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A CurtainUp London Review
Peter McKintosh's set for Splendour is dominated by a huge central circular gold chandelier like some sort of vulgar 5 star hotel. The floor is a loud, geometric pattern and there appears to be a border of broken glass. In fact, this is her private home and Micheleine (Sinead Cusack) is waiting for her husband to return so that he can be photographed by Western photo journalist Kathryn (Genevieve O'Reilly).
Zawe Ashton plays the kleptomaniac interpreter Gilma from the rebel held North and Micheleine's humble friend is Genevieve (Michelle Fairley) a natural victim of the First Lady's taunts. How confusing must that have been to have two Genevieves in one four hander play?
After the first scene there is blinding flash, a crashing noise and we are cast back like Groundhog Day with the earlier scene played slightly differently. This happens again and again and starts to be annoying. It's like watching a piece of macrame with different threads being followed at different times making up the whole. The clashing is the breaking of a Venetian vase, which in the opening scene is being swept up but which is also puzzling intact on a shelf to the rear of the set.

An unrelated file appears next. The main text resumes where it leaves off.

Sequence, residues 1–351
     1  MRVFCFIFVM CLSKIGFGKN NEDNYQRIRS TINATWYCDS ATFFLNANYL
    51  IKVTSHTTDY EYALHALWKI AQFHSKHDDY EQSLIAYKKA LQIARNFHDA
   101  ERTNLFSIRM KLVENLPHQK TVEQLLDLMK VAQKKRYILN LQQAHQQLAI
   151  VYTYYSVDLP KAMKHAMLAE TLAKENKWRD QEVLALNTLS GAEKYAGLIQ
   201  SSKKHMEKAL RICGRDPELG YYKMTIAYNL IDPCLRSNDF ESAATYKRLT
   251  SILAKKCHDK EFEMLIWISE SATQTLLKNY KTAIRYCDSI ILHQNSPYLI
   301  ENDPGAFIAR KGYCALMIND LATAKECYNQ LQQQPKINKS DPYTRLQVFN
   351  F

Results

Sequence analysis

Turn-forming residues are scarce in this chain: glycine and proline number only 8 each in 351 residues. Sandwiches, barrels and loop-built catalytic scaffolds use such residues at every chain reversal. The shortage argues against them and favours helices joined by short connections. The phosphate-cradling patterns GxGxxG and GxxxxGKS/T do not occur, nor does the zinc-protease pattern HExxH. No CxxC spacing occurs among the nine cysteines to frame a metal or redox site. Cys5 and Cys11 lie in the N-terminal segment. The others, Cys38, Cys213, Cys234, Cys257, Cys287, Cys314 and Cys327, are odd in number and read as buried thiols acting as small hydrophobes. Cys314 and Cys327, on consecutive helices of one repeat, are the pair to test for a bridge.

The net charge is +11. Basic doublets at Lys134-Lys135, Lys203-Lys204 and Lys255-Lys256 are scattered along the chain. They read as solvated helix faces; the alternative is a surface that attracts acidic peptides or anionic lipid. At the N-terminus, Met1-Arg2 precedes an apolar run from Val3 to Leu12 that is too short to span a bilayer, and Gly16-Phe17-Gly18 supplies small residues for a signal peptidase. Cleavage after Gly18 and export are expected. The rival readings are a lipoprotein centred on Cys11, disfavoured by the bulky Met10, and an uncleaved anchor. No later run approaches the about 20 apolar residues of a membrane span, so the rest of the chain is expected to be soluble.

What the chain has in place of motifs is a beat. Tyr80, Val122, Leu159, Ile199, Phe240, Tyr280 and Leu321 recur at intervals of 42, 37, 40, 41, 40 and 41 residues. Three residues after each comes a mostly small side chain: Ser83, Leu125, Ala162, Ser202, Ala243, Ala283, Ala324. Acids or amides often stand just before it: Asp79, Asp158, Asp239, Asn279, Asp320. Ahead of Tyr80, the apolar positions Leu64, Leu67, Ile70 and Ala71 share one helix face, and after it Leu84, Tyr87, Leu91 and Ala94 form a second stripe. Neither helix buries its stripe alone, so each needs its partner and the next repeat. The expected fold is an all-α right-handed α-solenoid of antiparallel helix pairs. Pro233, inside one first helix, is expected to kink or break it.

Sinead Cusack's Micheleine is most unsympathetic, even as she starts to get more and more anxious about the delayed arrival of her husband. She is openly cruel to her supposed friend Genevieve whose dead husband's symbolic picture hangs in the presidential suite. As the commotion outside starts to impose on the presidential residence and communications, we chip away at the veneer of this woman who supports the precarious regime of her dictator husband. As she realizes her daughter and grandson are in a dangerous part of the city and that her husband may have flown or have been captured, we can see her distress under the politically polished surface of unflappability.
The structure of the play is experimental with each character showing the audience an interior monologue of what they cannot say to each other and the danger that they are in. The performances are fine but Splendour is short on plot. At just an hour 35 minutes without an interval, it felt very inactive and didn't engage me.
Retold by Tina Packer of Shakespeare & Co.
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